In the short term, progress on vaccines may matter more than any particular president. In the long term, though, it’s the government’s relationship with the economy that will be key.
It is Election Day, and the markets are up. Given Democratic candidate Joe Biden’s lead in the polls, it seems like investors like the idea of him moving into the White House soon. It is easy to see why. If he’s elected, odds are that he will quickly launch a big fiscal stimulus program to help the unemployed, struggling businesses, and state and local governments. All need support for the foreseeable future.
But after the virus, when the economy enters a recovery phase, there would be some economic risks inherent in the Biden agenda as well. He plans to increase the federal minimum wage to $15 an hour—a very large increase for many states and, for some, just a few dollars off from their median wage. While small increases to the minimum wage during economic booms have negligible impacts on employment, a very large increase during a recession, especially a recession that has hit the food and retail sectors very hard, is a much bigger risk. Add on other labor costs from more paid sick leave and health care, and the outlook for a vigorous jobs recovery, especially low-wage jobs, is more uncertain.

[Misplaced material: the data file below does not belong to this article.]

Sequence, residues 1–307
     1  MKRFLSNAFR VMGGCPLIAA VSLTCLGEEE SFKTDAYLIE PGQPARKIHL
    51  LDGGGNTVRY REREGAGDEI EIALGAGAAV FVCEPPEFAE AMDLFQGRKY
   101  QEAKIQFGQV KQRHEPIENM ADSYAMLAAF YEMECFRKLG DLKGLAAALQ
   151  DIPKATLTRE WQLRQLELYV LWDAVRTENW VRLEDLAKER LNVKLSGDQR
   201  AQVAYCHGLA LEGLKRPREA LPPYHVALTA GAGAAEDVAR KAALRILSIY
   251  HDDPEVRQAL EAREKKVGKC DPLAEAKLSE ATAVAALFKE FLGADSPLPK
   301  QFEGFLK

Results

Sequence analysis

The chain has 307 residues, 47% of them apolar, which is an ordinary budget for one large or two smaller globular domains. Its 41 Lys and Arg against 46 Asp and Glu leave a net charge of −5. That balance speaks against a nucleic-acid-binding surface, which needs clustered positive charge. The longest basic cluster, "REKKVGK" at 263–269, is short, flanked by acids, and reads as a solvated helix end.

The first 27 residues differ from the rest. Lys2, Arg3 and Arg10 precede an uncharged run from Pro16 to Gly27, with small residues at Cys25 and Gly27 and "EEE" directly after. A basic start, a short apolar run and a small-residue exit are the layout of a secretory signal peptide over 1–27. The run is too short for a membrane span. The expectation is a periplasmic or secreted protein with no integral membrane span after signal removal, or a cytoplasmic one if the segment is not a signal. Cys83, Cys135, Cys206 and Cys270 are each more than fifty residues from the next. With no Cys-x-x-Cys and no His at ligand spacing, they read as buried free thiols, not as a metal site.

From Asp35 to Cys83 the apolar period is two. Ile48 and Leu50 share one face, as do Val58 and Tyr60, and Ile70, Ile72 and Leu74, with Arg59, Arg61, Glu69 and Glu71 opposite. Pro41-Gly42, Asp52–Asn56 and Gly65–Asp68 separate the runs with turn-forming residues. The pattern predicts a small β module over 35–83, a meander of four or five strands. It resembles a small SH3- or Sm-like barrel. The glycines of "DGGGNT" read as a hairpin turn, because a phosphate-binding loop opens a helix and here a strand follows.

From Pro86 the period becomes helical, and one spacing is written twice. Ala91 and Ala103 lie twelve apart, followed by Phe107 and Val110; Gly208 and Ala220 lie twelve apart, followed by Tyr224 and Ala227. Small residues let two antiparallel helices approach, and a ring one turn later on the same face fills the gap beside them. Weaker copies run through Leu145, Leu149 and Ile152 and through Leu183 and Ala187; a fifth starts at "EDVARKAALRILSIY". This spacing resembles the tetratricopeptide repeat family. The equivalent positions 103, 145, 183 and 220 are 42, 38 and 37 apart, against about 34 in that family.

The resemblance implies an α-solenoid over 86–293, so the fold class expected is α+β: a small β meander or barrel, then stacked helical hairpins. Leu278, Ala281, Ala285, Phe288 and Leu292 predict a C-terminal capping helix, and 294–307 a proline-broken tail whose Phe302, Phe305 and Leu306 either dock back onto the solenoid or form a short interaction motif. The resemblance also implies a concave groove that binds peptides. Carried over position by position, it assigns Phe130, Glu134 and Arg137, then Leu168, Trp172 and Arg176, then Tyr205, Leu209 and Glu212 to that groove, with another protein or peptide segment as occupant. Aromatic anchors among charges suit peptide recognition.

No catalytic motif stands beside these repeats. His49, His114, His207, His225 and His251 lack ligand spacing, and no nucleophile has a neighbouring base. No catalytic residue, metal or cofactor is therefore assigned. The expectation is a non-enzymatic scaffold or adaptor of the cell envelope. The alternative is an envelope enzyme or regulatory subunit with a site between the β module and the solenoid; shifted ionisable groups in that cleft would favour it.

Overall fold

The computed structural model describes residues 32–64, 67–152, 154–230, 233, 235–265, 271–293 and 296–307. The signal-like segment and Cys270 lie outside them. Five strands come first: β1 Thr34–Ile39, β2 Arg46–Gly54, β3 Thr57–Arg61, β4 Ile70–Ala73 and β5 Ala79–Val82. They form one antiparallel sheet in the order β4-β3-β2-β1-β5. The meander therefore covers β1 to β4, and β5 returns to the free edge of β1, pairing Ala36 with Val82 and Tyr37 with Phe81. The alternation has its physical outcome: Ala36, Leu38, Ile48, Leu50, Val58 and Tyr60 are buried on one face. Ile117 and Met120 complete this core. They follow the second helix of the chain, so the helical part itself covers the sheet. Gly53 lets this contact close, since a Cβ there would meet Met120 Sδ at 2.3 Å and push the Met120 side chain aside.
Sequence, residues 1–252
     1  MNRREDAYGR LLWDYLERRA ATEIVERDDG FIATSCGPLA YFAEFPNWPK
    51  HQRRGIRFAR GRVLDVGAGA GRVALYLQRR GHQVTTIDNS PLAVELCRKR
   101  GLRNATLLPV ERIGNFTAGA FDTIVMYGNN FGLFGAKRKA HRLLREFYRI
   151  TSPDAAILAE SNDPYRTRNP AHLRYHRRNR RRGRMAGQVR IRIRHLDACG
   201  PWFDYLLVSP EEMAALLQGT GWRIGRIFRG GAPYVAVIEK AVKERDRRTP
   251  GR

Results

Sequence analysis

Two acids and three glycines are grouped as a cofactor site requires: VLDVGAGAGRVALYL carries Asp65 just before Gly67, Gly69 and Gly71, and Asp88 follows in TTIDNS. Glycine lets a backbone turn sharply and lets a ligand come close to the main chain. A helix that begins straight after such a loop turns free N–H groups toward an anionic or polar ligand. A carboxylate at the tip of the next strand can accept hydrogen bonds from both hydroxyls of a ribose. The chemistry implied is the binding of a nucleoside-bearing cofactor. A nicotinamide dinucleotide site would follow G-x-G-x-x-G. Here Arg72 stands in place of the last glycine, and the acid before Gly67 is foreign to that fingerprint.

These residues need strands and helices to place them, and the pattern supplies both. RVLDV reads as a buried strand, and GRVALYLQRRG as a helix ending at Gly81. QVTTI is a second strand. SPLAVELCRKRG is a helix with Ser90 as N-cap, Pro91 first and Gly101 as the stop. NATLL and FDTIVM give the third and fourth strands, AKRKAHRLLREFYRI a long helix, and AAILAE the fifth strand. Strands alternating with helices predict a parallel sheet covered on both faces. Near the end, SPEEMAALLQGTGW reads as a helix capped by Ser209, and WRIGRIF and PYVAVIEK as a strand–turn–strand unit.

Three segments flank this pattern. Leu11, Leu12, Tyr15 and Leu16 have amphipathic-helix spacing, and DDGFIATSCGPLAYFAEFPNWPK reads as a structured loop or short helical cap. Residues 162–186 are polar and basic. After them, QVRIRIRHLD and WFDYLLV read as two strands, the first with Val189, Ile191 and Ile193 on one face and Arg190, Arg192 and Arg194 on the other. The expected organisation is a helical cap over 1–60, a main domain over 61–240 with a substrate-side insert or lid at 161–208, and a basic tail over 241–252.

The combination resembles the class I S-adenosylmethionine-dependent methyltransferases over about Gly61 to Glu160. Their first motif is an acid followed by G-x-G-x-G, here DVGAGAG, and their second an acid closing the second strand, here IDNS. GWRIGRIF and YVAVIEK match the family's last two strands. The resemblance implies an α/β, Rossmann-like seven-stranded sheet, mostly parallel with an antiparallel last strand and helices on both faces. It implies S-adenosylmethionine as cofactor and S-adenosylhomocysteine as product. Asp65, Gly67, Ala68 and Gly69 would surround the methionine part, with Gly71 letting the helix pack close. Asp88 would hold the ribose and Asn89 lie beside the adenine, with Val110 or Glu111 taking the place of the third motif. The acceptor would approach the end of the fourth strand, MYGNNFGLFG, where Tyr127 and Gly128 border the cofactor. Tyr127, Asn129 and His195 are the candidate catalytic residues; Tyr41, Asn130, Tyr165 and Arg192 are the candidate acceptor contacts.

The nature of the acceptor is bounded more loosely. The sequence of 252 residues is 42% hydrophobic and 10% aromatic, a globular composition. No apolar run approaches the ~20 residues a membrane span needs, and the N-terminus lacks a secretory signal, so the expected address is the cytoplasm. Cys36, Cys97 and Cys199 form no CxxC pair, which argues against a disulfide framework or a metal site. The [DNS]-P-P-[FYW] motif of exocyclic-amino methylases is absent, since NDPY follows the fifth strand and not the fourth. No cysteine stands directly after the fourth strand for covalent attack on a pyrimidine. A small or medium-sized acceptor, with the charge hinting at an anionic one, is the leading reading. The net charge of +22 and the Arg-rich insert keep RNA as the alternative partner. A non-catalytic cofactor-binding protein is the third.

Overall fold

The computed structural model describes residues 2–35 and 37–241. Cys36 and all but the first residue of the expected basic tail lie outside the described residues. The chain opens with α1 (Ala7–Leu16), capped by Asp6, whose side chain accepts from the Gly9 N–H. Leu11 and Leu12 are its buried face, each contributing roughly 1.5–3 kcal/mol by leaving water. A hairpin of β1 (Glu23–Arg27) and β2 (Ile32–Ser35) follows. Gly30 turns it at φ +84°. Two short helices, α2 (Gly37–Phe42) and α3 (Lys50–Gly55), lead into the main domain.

Biden also plans to increase corporate tax rates to levels above the international average. This will make U.S. companies less competitive and encourage them to keep more of their profits abroad. Biden likewise plans to give the government a larger role in the economy, especially when it comes to promoting the building of new infrastructure and development of green technology. Whether such moves will actually help the economy depends on if the projects fulfill an economic need or are driven by political interests. If history is any guide, political interests often win out, and there is a dearth of good shovel-ready projects for the administration to start with. Still, some might counter, such spending could at least create good government jobs, as the Works Progress Administration (WPA) did during the Great Depression. But research from economic historian Price Fishback estimates that WPA jobs may have actually slowed the United States’ recovery in the 1930s and 1940s by making workers reluctant to take private-sector jobs.
Allison Schrager is a senior fellow at the Manhattan Institute, author of An Economist Walks Into a Brothel (Random House), and a co-founder of LifeCycle Finance Partners, LLC, a risk advisory firm. Follow her on Twitter here.
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